Fawn survival and Wyoming's declining deer numbers
Wyoming researchers are in the second phase of a multi-year study to determine why mule deer numbers are on a rapid decline. Lead by University of Wyoming research professor Keith Monteith, the Wyoming Range Mule Deer Project is looking specifically at fawn survival rates across the Wyoming Range in an attempt to understand the role that predators may play in fawn mortality and mule deer population.
“It’s accepted that if we want to grow more mule deer, we need to grow more fawns,” says Monteith. “Hence the focus on those guys.”
Phase one of the project focused on mule deer response to oil and gas development, specifically identifying migration corridors between summer and winter ranges and gauging winter food conditions, according to the Star Tribune.
“Phase 2 is to really disentangle and separate and identify the relative roles of habitat, nutrition and predation on fawn survival and cause of mortality,” says Monteith.
Pregnant does were implanted with tiny radio transmitters back in March. When the radio transmitters fall out of their birth canals, they emit a signal, which is transmitted back to the research team. The plan for June is to track down the newly-delivered fawns, fit them with tracking collars and monitor them throughout the summer. Should a fawn die, scientists will use the tracking collars to find it and hopefully determine the cause of death.
Combining the death tallies with the previous research completed during phase one of the project will help shape the story of what may be causing the swift decline in mule deer numbers. Gary Fralick, a Game and Fish wildlife biologist, says that understanding all of these aspects help wildlife managers.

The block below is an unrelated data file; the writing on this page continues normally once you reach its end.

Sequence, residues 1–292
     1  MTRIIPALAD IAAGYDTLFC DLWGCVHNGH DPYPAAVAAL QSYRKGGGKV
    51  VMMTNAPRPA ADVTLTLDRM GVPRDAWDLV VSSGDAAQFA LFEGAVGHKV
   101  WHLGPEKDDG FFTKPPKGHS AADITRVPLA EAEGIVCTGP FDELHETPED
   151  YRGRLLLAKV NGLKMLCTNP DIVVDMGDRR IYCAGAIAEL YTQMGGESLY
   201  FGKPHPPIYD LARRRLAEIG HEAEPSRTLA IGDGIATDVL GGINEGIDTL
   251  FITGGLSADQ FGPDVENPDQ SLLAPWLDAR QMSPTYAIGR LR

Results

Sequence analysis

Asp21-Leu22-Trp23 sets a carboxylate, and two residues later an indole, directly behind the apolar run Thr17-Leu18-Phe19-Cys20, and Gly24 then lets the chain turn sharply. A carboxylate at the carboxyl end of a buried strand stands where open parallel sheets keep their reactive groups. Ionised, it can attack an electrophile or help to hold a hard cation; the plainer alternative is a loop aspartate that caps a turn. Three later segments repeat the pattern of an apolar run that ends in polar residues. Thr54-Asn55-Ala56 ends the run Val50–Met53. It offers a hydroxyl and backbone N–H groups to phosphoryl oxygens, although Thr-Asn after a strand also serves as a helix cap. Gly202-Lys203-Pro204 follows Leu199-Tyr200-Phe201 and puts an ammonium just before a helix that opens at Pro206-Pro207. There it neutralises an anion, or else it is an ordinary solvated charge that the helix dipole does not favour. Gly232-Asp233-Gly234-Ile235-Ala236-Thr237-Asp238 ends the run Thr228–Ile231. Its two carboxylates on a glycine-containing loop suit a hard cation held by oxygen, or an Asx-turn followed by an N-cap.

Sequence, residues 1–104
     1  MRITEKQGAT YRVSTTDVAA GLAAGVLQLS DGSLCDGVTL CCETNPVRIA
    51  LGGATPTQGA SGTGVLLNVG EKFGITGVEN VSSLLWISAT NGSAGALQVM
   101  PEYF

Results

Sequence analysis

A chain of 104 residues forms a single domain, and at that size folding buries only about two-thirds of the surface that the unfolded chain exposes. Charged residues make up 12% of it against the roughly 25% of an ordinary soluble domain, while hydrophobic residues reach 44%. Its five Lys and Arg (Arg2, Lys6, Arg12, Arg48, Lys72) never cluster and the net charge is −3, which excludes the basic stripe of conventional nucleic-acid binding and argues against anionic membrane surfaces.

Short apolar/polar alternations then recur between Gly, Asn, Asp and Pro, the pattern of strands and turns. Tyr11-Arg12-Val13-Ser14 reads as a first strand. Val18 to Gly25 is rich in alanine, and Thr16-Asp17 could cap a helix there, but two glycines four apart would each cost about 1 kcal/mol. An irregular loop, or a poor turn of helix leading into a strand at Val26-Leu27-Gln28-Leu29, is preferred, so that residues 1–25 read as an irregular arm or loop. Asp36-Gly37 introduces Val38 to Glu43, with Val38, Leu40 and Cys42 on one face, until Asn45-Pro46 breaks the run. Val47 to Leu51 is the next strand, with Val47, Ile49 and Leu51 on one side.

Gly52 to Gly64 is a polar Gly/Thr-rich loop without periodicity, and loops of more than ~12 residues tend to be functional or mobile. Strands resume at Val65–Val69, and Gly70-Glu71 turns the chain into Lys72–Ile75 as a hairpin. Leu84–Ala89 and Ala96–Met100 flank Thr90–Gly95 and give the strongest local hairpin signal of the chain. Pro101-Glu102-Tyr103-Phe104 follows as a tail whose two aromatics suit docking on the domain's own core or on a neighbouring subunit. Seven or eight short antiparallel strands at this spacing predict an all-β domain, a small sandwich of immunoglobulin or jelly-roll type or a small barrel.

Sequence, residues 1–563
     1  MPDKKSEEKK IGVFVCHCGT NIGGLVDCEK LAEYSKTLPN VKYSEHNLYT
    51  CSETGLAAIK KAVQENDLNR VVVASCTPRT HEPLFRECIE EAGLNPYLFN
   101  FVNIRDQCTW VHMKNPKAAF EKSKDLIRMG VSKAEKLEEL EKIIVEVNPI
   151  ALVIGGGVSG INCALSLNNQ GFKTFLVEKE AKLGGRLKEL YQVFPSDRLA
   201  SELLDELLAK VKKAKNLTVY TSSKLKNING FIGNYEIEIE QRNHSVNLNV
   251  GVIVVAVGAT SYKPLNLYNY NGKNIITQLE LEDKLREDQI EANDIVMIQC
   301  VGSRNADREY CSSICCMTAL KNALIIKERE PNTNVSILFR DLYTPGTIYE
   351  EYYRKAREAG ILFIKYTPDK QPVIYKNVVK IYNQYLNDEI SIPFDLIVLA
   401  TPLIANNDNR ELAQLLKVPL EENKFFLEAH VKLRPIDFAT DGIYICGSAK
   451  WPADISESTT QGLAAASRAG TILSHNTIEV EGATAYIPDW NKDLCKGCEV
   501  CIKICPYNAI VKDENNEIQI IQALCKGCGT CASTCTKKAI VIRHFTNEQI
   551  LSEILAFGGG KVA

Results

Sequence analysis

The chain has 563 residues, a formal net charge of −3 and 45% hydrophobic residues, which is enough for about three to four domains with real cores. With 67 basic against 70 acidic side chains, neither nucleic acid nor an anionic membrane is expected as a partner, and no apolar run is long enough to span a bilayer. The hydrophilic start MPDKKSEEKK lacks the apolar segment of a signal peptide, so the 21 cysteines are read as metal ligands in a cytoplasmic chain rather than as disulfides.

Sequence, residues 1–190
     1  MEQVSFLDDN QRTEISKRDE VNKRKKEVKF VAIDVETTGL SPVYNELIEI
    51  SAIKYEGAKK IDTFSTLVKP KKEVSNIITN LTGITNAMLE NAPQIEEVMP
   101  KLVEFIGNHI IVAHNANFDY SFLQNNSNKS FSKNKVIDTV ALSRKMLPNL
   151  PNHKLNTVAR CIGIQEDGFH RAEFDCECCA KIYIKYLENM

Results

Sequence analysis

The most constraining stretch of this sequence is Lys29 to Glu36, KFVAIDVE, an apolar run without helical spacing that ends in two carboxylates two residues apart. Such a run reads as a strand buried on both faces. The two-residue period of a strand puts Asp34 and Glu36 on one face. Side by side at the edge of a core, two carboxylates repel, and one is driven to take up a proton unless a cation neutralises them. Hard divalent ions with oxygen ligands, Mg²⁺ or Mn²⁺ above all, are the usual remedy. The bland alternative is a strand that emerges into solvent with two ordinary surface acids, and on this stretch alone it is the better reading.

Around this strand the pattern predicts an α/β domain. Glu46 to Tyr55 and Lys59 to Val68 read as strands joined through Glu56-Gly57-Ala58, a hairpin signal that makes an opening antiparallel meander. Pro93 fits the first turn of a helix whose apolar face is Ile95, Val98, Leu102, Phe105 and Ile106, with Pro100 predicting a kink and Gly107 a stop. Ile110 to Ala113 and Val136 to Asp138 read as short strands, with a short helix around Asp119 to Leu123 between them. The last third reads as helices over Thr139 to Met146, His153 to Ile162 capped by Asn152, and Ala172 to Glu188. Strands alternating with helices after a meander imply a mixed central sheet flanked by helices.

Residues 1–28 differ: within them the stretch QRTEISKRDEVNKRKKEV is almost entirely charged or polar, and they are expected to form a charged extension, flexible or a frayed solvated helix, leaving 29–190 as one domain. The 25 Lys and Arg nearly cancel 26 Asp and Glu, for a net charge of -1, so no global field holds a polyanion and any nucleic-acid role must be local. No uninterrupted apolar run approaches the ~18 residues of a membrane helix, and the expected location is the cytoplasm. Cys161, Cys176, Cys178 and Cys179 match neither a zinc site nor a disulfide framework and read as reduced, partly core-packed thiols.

“If predation is limiting fawn survival, or is having a great impact on fawn survival, then we need to know and understand which species of predator, whether coyotes, mountain lions or black bears might be having the greatest impact. The department then may consider adjusting hunting seasons for those species,” says Fralick. “On the other hand, if we are finding fawns that are in poor conditions because perhaps the does weren’t able to produce sufficient milk to nourish them, we can figure out what to do in the birth sites to improve the type of plant to improve condition of does.”
While the Wyoming Wildlife and Natural Resource Trust, Muley Fanatic Foundation, the Animal Damage Management Board and the Wyoming Game and Fish Department helped fund the $1.5 million to get the study underway, more money is still needed in order for researchers to finish the final year and a half.